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Canadian Taxpayers Fund Harper’s $65,000 Keystone XL Advertising Trip

The hotel rental for Prime Minister Stephen Harper’s September visit to New York City cost Canadian taxpayers a total of $65,582.91 according to documents recently released by CTV News.

Canada and the U.S. are making important progress on enhancing trade, travel and investment flows between our two countries, including securing our borders, speeding up trade and travel, modernizing infrastructure in integrated sectors of the North American economy, and harmonizing regulations,” Harper said at the event. “But there is much more that can be done, and must be done, to make our economic relationship more productive and seamless.” 

The event, organized by the Canadian American Business Council, gave Harper the opportunity to tell an audience of American business executives that he wouldn’t “take no for an answer” on the controversial Keystone XL pipeline, planned to carry tar sands crude from Alberta to oil refineries in the Gulf of Mexico.

The hotel bill for the luxurious New York Palace Hotel, which was mistakenly sent to CTV’s Washington bureau, suggests Harper’s speaking engagement was a staged promotional gathering for the Keystone XL, rather that a typical guest speaker event which are usually paid for by the host.

The hotel charges include coffee services for $6,650.00, room rental for $33,500.00 and audio visual services of $14,709.15. An overall service charge for the room and coffee came to $9,234.50.

Fri, 2013-06-28 08:00Carol Linnitt
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Artist Franke James Live and (Actually) Uncensored (Since, Apparently, She Refuses to Be)

Franke James is Your Fault art

In 2011, Toronto-based writer, artist and environmental activist Franke James was asked by Croatian non-profit Nektarina to feature her artwork on an European tour. Unsurprisingly, James agreed, only to have the tour cancelled when the Canadian embassy in Croatia withdrew funding that it denied ever giving Nektarina, and made the non-profit aware that James “speaks against the Canadian government.”

James was not one to be silenced, as her new book reveals. Banned on the Hill: A True Story about Dirty Oil and Government Censorship catalogues the entire ordeal of being blacklisted by Harper’s government for speaking out against the tar sands, and puts the paper trail Canadian diplomats left of their censoring ways on display.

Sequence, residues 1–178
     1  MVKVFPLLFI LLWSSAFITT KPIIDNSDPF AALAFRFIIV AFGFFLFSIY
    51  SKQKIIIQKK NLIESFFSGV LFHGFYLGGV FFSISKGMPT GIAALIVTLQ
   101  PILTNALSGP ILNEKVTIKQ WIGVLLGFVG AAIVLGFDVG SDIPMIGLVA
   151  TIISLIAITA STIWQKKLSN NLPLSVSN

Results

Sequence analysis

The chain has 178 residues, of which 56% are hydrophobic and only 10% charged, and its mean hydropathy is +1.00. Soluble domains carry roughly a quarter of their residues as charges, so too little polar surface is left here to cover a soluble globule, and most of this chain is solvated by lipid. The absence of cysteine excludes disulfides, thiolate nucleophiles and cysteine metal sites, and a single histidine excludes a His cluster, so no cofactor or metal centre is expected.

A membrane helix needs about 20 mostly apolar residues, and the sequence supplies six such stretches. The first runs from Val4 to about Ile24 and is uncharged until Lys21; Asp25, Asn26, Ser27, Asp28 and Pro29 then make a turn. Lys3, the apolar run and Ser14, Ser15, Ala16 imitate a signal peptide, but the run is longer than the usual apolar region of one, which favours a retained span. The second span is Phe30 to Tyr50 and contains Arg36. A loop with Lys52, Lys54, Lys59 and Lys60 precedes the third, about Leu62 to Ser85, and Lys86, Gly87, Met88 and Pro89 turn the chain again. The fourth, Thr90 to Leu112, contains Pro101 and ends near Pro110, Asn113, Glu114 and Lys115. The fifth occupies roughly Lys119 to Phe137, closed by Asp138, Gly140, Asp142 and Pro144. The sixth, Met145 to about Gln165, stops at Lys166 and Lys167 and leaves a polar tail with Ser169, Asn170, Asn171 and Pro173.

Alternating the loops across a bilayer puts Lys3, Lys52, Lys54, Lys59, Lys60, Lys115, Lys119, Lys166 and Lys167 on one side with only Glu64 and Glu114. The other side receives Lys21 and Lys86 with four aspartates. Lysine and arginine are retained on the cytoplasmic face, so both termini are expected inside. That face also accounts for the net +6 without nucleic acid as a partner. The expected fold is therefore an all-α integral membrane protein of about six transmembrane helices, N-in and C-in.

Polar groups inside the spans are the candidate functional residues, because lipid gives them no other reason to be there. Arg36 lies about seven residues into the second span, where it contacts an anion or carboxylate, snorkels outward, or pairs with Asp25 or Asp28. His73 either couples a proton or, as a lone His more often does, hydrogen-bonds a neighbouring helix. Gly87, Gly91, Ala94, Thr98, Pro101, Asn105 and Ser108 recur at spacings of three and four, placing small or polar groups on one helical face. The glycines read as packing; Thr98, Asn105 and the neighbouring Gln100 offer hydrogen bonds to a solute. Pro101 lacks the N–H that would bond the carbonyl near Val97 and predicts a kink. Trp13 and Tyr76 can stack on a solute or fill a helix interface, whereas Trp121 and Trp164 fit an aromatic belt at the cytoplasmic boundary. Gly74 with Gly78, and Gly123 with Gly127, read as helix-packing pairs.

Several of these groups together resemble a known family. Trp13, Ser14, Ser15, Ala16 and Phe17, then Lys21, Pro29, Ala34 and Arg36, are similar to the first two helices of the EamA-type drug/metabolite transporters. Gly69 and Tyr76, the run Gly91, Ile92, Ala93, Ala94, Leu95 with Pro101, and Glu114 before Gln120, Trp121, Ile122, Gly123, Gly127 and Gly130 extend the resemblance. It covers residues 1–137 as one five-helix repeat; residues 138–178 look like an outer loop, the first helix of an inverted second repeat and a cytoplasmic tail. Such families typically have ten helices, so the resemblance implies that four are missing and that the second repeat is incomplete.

DeSmog: You’ve been spreading a message of environmental awareness that runs counter to the Harper government’s pro-oil stance since 2003. Did you have any inkling that something like the government’s squashing of your European tour might eventually happen?

Franke James: No! Who would ever think you could get into trouble for writing to the Prime Minister asking that we make polluters pay? Is this Canada or the Kremlin?

Thu, 2013-05-23 08:00Indra Das
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Harper Government Keeps Details Of $16.5M Oil Industry Ad Campaign Under Wraps

Natural Resources Minister Joe Oliver

This week, under questioning from opposition MPs, Natural Resources Minister Joe Oliver confirmed that his department intends to spend up to 16.5 million dollars on advertising in the upcoming year. Further details on how this taxpayer-funded PR campaign for Canada's natural resources will be run were lacking.

Mike De Souza writes for Canada.com, that Oliver “also declined to provide specifics on a training program, worth up to $500,000, for his department's scientists and other officials, 'designed to help them communicate with the public and to do so in a way that is accessible to the public.'”

Speaking to a special committee studying spending estimates in the House of Commons on Tuesday evening, Oliver confirmed that much of the advertising would be focused on promoting the proposed TransCanada Keystone XL pipeline linking Albertan tar sands oil to refineries on the Texas Gulf Coast.

Fri, 2013-01-25 05:00Carol Linnitt
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Canadian Scientists Must Speak Out Despite Consequence, Says Andrew Weaver

If people don’t speak out there will never be any change,” says the University of Victoria’s award-winning climate scientist Andrew Weaver. 

And the need for change in Canada, says Weaver, has never been more pressing.

“We have a crisis in Canada. That crisis is in terms of the development of information and the need for science to inform decision-making. We have replaced that with an ideological approach to decision-making, the selective use of whatever can be found to justify [policy decisions], and the suppression of scientific voices and science itself in terms of informing the development of that policy.”
 
Mon, 2013-01-21 08:54Carol Linnitt
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Retreat from Science: Interview with Federal Scientist Peter Ross Part 2 of 2

On April 1, 2013 Canada will lose its sole marine contaminants research program. The loss comes as a part of a massive dismantling of science programs at the Department of Fisheries and Oceans announced in May of 2012. 

Peter Ross, lead researcher at Vancouver Island’s Institute for Ocean Sciences, is a recent casualty of the sweeping science cuts moving across the country.
 
In this second installment of DeSmog Canada’s interview with Ross, he discusses the importance of the scientific method as a bulwark against bias in policy-making, the danger of industrial pollutants in marine habitats, and what killer whales can tell us about our society.